News of Grace Series: Getting to Know Our GMI Missionaries
This week’s featured missionary: John Caprari
John and Naomi met at Grace Bible College and were married in 2013. They knew from the beginning that God made them to be involved in foreign missions and He was calling them, but had no idea what the timing looked like. John and Naomi desired to be available and willing to God’s leading, no matter what direction that looked like. God used a six-week-long mission trip to Eastern and Southern Africa to give clarity and peace to their specific calling during this time of their lives.
John and Naomi look forward to working alongside fellow missionaries and nationals in Tanzania, East Africa. God has given them a burden and a vision for a city in the northern area of Tanzania, a region where GMI does not yet have a missionary presence. Their plans are to leave for Tanzania in July 2016 where they will begin church planting efforts, leadership development through discipleship, mentoring, educating, and any other ministries that they find to be effective in advancing God’s work in this area of the world.
Now, here are John’s answers to our “Get to know you” questions!
1. What most excites you about your field and ministry?
Reaching out to Mwanza, a new area in Tanzania, in itself is exciting. The opportunity to partner with the Tanzanian church and proclaim the gospel in this area of the world has much potential. It will be exciting to watch people change from non-believers to baby Christians to mature in their faith. Some of these will even be the next generation of leadership in Mwanza and Tanzania.
2. What is the most difficult about your field and ministry?
We want to be involved in church planting. There will be two main challenges. First one being, we have never planted churches. Our goal will be to go to Tanzania as learners of this skill, as this ministry will be done differently in Tanzania compared to the U.S. The second challenge will be the church planters. We don’t want to be the ones planting the churches. We want to give the nationals the skills and resources they need to do it themselves. The difficulty will be finding the leaders who are available, willing, called, and passionate.
3. Name 3 things God has taught you as a missionary.
Patience. The Unity of the Body of Christ. Urgency for the gospel.
4. What did God use to call you into missions?
People. From the beginning my call to ministry was because of people, namely Jeremy Herr. My call to missions, overseas cross-cultural ministry was because of a person, namely Greg Kelley, Director of World Mission. Our call as a couple to Tanzania was because of people, namely missionaries like the Shermans and leadership of the Tanzanian Church.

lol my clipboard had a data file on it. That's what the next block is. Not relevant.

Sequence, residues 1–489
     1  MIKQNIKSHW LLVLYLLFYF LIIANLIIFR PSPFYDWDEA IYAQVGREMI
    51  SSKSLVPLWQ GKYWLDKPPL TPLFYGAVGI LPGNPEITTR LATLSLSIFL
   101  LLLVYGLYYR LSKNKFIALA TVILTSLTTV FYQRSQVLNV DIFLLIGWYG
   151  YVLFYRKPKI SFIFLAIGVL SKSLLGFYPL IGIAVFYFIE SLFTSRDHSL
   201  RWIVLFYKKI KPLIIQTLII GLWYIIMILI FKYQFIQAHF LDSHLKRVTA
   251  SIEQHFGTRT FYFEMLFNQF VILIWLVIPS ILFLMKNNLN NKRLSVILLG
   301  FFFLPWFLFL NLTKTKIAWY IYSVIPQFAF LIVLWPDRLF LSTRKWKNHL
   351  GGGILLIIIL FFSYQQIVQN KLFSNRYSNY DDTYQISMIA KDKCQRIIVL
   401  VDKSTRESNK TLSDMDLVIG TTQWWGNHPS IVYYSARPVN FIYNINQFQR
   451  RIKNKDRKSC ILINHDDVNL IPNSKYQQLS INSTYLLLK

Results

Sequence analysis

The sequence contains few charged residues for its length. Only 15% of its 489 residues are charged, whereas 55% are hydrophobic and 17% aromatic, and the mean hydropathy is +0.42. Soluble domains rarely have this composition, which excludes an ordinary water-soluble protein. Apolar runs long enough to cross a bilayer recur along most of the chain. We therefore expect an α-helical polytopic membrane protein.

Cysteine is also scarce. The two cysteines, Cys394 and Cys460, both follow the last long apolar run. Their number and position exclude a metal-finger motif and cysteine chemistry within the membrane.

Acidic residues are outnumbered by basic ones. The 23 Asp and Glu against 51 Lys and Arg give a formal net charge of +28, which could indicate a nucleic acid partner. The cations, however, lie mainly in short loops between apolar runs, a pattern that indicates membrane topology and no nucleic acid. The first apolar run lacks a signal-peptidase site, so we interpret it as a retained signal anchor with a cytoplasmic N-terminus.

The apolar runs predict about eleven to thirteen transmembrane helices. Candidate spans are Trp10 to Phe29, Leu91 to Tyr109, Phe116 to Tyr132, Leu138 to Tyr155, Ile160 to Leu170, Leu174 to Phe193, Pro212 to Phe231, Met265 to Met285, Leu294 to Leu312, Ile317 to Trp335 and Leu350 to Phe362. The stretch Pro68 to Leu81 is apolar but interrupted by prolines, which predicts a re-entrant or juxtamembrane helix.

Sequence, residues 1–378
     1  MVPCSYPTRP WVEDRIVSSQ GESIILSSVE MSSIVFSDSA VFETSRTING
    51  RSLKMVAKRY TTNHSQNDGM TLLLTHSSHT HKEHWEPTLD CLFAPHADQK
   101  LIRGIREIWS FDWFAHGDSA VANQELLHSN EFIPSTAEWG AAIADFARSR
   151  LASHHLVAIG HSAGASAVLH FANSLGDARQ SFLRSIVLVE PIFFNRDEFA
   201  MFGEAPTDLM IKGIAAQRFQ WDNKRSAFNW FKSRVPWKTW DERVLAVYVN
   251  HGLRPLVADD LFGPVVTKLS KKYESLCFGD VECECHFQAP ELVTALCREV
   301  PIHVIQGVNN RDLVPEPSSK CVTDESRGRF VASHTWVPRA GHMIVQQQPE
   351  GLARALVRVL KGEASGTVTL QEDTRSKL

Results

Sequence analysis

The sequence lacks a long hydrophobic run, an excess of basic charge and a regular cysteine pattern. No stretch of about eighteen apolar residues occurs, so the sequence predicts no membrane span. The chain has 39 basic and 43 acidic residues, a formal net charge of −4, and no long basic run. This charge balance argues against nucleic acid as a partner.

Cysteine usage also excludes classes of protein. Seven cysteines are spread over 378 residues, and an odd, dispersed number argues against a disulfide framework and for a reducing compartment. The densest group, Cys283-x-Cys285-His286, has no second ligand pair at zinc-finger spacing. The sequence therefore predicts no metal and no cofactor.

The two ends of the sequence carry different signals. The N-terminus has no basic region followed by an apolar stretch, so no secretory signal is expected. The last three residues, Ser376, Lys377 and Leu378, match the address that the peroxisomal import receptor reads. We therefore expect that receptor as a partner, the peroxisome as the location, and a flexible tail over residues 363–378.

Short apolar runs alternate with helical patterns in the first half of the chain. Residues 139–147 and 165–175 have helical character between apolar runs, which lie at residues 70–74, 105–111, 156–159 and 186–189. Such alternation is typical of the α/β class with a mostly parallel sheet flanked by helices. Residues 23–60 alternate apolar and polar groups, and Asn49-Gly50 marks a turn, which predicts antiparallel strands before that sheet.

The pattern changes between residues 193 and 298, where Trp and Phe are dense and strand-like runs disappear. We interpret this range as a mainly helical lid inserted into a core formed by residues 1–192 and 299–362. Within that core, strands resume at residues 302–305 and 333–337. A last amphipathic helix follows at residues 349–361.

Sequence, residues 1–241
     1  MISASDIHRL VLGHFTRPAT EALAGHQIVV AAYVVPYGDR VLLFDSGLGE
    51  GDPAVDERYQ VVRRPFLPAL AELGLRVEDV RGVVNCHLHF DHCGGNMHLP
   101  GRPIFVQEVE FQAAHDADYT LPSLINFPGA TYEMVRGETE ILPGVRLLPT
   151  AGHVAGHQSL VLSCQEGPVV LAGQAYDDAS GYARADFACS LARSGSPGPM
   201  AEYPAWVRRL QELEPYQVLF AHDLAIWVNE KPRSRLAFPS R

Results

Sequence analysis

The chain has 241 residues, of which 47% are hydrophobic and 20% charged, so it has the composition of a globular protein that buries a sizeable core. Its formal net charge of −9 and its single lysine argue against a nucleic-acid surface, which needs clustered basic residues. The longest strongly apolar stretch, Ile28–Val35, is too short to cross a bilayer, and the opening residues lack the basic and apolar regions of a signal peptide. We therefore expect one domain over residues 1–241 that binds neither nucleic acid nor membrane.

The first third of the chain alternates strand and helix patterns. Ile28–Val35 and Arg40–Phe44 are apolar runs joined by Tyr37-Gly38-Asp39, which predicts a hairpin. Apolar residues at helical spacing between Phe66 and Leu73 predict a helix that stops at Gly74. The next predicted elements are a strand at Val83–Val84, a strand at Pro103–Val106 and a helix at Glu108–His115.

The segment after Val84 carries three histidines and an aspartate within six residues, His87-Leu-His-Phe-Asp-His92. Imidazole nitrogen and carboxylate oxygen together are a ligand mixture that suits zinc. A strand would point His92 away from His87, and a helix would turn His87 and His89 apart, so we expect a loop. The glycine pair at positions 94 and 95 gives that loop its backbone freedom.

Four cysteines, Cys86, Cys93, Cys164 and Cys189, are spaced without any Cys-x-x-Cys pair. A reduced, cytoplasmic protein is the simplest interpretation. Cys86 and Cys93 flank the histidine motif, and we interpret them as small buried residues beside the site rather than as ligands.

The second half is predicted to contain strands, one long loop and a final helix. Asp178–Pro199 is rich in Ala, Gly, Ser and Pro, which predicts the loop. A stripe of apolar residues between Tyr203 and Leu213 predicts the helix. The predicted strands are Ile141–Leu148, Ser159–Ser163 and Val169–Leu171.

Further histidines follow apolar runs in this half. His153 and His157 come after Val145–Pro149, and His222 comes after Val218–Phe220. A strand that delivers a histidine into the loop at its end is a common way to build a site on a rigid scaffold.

5. If you could share anything with someone considering missions what would it be?
Don’t be afraid of the call. If God is calling you to be a missionary. Just do it. Embrace the call. Also, seek the call. We struggled with whether God was calling us to cross-cultural ministry or stateside ministry. So, we sought the calling to both and God made it clear where He wanted us to be.
6. In what ways have you seen God’s faithful provision?
When we were in deputation for the first few months we were traveling around in the Northwest. We knew our time there was coming to a close and we were going back to Michigan for the next 6-8 months or so. At that point, we didn’t have a place to live during that time or didn’t have jobs to maintain a place to live. God provided both within a week of us arriving in MI.
7. What is a favorite thing about the country you serve in?
The people. I spent one month in Tanzania and fell in love with the people. I can’t wait until I can speak their language and get to know them as people even more.
8. Who was one person that had a big influence in your decision to become a missionary?
Greg Kelley. He spoke at a GBC chapel on unreached people. Over 3 billion people in the world will live and die without access to the gospel.
9. In what ways can others best encourage missionaries
Pray. And then write them every once in awhile to tell them you are praying or thinking of them.
10. What is one of your favorite funny memories from the field?
I was teaching a seminar with Steve Sherman translating into Swahili. Even then, I try to say the Swahili words that I know up to this point. I was getting warm so I took off my sweater saying “moto”. Everyone laughed because it meant fire. What I meant to say was “joto”, which means hot.